“Scholarships for Meredith matter because we want to bring in a well-rounded class of great academic talent, but also the students who’ve never really had a chance to shine. And those who have great need or have overcome great difficulties in their lives,” Allen said. “These women come in and do phenomenal things.”
Perhaps the most visible outcome of the Campaign are the new and enhanced facilities on campus, such as the newly-renovated Johnson Hall, Jo Ellen Ammons Welcome Center, Lowery Fitness Center, and Elizabeth Triplett Beam Fountain Plaza. They’ve made the campus even more inviting, functional, and beautiful, Allen said.
But the facilities gifts you can’t necessarily see are also important to the College’s success, she said.
“We received an anonymous gift that was totally unrestricted, and it’s been wonderful reporting back to the donor how we’ve used it because I think we’ve spent it on things they might never have thought to single out,” she said. “For instance, we had three elevators in poor condition, including one in the building where we house disability services. Repairing those was critical.”
Another anonymous gift allowed Meredith to build a new electrical grid, replacing a badly outdated system, much of which was original to the College’s construction.
“The money that’s come in for the College’s greatest needs is incredibly valuable,” Allen said. “That’s the money that pays the utility bills or repairs a sidewalk. Nobody gets excited about giving $650,000 for a new boiler. But a whole campus full of cold showers on winter mornings isn’t going to help us very much. Gifts like these make a big difference.”
Other Campaign highlights include new and enhanced faculty and staff development support, a new wellness program for faculty and staff, and new student clubs and organizations. And in support of the marketing and visibility pillar, the Campaign fueled the development of the widely acclaimed Going Strong brand campaign.
Perhaps more than anything, the Campaign elicited support from the entire Meredith community in an unprecedented way.
According to both Allen and Barton, the outpouring of support from the College’s faculty
and staff was phenomenal. A whopping 73.2 percent made gifts during the Campaign (compared to the national average of 26 percent).
“One of the most exciting things for me was learning how much our faculty and staff were giving back,” Allen said. “Seventy-three percent is just mind-boggling. I’m grateful for the gifts, absolutely. But, to recognize what it really symbolizes, is that people are working at a place they believe in. And, I don’t know that 73 percent of the American or the world population believes in the place where they work.”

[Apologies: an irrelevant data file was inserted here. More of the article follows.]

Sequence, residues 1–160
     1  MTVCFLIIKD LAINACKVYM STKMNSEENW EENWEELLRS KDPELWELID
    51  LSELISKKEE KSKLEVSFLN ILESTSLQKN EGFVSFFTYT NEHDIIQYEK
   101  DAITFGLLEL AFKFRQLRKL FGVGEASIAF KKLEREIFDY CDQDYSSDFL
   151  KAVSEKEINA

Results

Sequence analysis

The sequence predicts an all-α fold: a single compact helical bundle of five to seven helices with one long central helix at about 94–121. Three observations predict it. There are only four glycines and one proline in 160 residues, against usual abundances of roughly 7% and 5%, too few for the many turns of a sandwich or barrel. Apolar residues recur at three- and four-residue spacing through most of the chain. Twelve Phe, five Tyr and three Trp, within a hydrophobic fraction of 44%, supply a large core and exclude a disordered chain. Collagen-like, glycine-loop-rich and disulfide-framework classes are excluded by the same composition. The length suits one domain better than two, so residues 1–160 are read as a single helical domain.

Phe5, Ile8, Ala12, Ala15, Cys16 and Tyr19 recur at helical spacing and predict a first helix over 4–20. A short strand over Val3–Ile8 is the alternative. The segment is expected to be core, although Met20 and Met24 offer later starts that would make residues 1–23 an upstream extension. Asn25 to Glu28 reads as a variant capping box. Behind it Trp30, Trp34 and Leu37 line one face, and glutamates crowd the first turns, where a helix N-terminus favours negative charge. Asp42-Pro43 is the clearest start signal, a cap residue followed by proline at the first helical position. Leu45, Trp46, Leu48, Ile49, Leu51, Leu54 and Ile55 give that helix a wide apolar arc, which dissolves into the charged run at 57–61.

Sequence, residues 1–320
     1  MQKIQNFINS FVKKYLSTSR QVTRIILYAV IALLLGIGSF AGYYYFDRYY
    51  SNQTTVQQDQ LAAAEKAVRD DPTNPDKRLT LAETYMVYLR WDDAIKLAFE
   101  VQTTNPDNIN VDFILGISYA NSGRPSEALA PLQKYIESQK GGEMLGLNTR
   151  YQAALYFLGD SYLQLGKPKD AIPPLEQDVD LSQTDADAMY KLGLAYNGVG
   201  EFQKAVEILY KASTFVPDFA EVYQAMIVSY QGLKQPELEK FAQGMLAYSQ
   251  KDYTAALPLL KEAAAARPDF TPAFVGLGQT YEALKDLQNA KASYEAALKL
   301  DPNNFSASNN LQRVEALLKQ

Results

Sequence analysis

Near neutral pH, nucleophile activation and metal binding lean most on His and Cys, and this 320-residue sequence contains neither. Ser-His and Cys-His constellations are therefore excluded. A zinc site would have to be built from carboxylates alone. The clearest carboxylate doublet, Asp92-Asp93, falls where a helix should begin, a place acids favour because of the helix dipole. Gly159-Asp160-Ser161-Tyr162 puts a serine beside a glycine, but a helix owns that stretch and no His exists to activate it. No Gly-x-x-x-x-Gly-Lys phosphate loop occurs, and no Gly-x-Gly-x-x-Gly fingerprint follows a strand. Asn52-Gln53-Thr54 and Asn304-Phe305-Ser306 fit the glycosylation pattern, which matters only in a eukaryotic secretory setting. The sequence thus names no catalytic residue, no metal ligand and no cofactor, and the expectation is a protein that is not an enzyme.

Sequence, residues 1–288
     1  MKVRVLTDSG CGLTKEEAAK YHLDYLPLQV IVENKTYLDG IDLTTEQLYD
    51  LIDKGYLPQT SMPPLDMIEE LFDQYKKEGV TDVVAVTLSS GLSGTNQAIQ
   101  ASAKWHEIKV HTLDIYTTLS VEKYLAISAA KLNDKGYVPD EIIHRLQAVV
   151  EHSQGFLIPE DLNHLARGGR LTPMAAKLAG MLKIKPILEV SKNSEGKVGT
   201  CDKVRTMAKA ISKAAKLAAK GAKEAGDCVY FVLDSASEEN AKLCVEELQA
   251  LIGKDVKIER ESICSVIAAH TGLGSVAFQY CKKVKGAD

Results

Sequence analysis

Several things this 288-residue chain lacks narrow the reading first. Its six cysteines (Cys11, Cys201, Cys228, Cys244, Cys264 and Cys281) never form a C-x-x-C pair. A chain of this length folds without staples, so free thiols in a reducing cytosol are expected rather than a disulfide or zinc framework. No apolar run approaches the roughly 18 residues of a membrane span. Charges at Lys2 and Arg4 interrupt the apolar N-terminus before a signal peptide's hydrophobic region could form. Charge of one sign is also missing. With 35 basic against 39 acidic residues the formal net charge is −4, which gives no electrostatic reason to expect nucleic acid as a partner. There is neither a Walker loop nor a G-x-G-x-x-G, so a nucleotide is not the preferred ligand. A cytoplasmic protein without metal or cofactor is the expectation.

The annual giving total raised in the Meredith Fund climbed from nearly $700,000 a year before the Campaign to $2.3 million last year. Thirty-eight percent of alumnae gave during the Campaign (compared to 18 percent nationally). And Meredith parents also got in on the action, contributing over $3 million.
“I think we have changed the culture of philanthropy at Meredith College,” Barton said. “The understanding that you need to continue to support your alma mater and love it like you always have might be an intangible accomplishment of this Campaign.”
Whether you’re a member of the faculty or staff, an alumna, or a friend of the College, giving back is key, said Leslie Hayes, ’80, Board of Trustees chair, donor, and member of the Campaign steering committee.
“Meredith provides students with an exceptional education, the opportunity to learn and grow, and build skills,” she said. “Supporting Meredith ensures that we have the best faculty, a great campus, and buildings with the latest equipment. We have to grow and change to stay relevant, and supporting Meredith is a great investment.”
The Campaign raised more than $39 million in planned gifts, which means individuals designated gifts in their wills to benefit Meredith in the future. The growth of this pipeline signifies investment in the College in more ways than one, Allen said.
“Everybody wants to believe in the longevity of things that they love,” she said. “It doesn’t matter whether it’s a place, or person, or institution. The number of people who have given estate gifts is tremendous. It is really important because it shows that they trust us. They believe that Meredith College will consistently be doing the right things for our students.”
Providing for students is at the heart of the Campaign giving them unique opportunities, supporting their academic and personal growth, and sending them out into the world prepared to be leaders.
“I believe everything I’ve done in my career revolved around having gone to Meredith,” Cooper said. “I had pride and I had confidence when I left Meredith. I believed I could set out to do a lot of different things, and I think it’s really important for women to have that sort of undaunted spirit.”
Women like Sierra Moorefield.
“The Meredith Legacy Scholarship was a pathway to my future,” she said. “Many of these career opportunities would not have been available to me if I had not attended Meredith.”
Moorefield is living proof that giving matters. Because fundraising is about far more than just numbers. This Campaign ignited a community and sparked momentum that will fuel the College’s growth and enable the creation of even more opportunities for even more students.
“This is just the beginning,” Allen said.
“Thank you for believing that Meredith and its community are worth investing in,” she said. “Thank you for believing that we are capable and innovative.
“Keep watching us. We’re going to do even more.”